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Sunday, October 10, 2021

Ronnie Lee Gardner: The Last Man To Die By Firing Squad

     On the night of October 9, 1984, in Salt Lake City, 24-year-old Ronnie Lee Gardner was under the influence of cocaine when he held up a bar and killed the bartender, Melvyn Otterstrom, by shooting him point blank in the face. The twice-convicted robber netted $100 from the deadly hold up.

     Three weeks after shooting the bartender to death, police officers arrested Gardner at his cousin's house in Salt Lake City. Officers booked him into jail on the charge of capital murder. The judge set Gardner's bail at $1.5 million.

     On April 2, 1985, as Gardner was being escorted through the underground garage on his way to an upstairs courtroom, he managed to get his hands on a firearm someone had left hidden in the garage for him. The moment he displayed the gun in the courtroom, a guard shot him in the chest. Although wounded, Gardner shot a bailiff in the stomach.

     As the armed and wounded Gardner tried to flee the building, he encountered two attorneys and shot one of them in the eye. A dozen police officers surrounded the armed prisoner before he could leave the courthouse. When he dropped the gun, officers took him into custody. The lawyer he shot died a little later in the hospital. The bailiff survived.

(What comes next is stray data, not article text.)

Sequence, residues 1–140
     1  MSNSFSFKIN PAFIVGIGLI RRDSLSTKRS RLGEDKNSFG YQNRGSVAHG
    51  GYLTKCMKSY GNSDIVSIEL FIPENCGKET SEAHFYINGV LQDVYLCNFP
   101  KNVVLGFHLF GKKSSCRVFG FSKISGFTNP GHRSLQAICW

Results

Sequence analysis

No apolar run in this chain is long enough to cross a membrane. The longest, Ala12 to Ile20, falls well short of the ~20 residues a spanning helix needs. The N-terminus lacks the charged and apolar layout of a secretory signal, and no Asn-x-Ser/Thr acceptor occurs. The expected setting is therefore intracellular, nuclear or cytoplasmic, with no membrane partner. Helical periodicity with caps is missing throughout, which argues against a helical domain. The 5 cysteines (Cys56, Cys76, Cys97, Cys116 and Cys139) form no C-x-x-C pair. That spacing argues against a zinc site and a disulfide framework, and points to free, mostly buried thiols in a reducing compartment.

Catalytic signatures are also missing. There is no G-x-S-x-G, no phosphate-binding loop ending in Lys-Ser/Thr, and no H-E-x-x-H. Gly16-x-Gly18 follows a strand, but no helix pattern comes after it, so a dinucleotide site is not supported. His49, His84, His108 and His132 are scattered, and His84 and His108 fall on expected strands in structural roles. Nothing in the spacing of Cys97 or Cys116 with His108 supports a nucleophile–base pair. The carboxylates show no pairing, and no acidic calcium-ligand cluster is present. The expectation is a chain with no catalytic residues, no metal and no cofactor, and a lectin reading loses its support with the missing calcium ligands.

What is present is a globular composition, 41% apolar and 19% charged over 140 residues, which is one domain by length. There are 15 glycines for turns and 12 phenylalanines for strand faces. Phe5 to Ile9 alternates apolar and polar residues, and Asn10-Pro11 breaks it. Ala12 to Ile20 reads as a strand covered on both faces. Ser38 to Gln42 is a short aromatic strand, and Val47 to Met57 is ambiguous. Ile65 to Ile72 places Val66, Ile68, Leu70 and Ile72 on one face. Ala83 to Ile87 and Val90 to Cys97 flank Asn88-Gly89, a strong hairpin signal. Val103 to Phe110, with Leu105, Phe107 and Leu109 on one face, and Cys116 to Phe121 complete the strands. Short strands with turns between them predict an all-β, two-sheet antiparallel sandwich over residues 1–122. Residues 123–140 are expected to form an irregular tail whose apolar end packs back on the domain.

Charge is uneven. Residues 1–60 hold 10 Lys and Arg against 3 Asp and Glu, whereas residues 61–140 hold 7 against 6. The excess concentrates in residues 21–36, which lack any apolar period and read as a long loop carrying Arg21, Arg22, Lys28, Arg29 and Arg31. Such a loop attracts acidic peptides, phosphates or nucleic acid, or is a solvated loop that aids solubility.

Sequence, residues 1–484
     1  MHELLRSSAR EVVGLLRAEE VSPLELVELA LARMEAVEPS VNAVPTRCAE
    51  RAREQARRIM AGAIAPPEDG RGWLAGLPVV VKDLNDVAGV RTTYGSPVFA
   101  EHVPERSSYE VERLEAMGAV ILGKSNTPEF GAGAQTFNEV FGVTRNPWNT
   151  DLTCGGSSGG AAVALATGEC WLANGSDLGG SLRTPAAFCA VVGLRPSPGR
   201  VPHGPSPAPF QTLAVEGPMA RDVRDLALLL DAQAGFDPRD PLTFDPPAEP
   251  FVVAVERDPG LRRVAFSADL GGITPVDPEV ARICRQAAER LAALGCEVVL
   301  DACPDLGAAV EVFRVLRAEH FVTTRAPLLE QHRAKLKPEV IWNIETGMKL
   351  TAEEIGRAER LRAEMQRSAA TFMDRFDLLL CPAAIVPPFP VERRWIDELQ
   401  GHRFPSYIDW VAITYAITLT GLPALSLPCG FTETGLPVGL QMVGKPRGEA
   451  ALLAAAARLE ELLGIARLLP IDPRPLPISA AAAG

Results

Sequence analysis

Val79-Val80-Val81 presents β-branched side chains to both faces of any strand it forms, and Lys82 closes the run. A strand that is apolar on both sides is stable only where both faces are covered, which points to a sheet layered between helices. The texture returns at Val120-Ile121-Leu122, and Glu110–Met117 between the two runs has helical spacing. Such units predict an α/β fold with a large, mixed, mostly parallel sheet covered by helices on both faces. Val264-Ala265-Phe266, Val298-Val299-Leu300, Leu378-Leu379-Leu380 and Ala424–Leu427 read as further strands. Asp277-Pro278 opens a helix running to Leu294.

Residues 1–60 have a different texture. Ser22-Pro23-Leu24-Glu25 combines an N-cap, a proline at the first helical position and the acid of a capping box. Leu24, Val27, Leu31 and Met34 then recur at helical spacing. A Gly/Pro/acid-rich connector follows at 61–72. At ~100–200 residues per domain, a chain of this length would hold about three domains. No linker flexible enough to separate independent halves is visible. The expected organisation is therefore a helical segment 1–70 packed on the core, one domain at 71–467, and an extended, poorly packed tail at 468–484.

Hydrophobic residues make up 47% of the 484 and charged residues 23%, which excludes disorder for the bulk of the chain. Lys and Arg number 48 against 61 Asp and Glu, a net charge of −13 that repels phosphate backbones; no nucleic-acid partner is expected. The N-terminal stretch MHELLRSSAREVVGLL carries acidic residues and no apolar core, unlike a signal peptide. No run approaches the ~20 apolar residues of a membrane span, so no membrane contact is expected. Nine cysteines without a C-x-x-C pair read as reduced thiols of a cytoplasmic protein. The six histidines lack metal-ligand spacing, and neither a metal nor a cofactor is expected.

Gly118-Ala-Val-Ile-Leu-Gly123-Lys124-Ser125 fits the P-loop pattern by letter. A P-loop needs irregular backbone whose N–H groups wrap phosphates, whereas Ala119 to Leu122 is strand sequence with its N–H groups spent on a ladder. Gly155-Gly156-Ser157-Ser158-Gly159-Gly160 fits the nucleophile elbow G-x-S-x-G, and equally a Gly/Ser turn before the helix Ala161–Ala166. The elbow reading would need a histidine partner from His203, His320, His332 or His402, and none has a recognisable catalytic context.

Ronnie Gardner was himself rushed to a local hospital where he recovered from his gunshot wound.

     In October 1985, Gardner pleaded guilty to both murders and was sentenced to death.

     Two years later, inmate Gardner broke a glass partition in the prison's visiting area and had sex with a woman who was visiting him. The other prisoners barricaded the doors and cheered Gardner and his partner on.

     In 1994, while still housed at the state prison in Draper, Utah, Gardner got drunk on alcohol he had fermented in his cell and stabbed a fellow prisoner named Richard "Fats" Thomas. Thomas survived the attack.

     Gardner's death house attorneys, citing their client's troubled upbringing, petitioned to have his death sentence reduced to life in prison. In 2010, the governor of Utah denied the commutation request. Gardner's lawyers appealed that decision all the way to the U.S. Supreme Court. They lost.

     Out of legal remedies, Ronnie Gardner requested that he be executed by firing squad. He said he sought this method of execution because of his Mormon background. It had been 14 years since anyone in the country had been executed this way.

     On June 18, 2010, the state of Utah, pursuant to Ronnie Gardner's request, executed the 49-year-old by firing squad. He was the last condemned prisoner in the United States to be executed by bullet.

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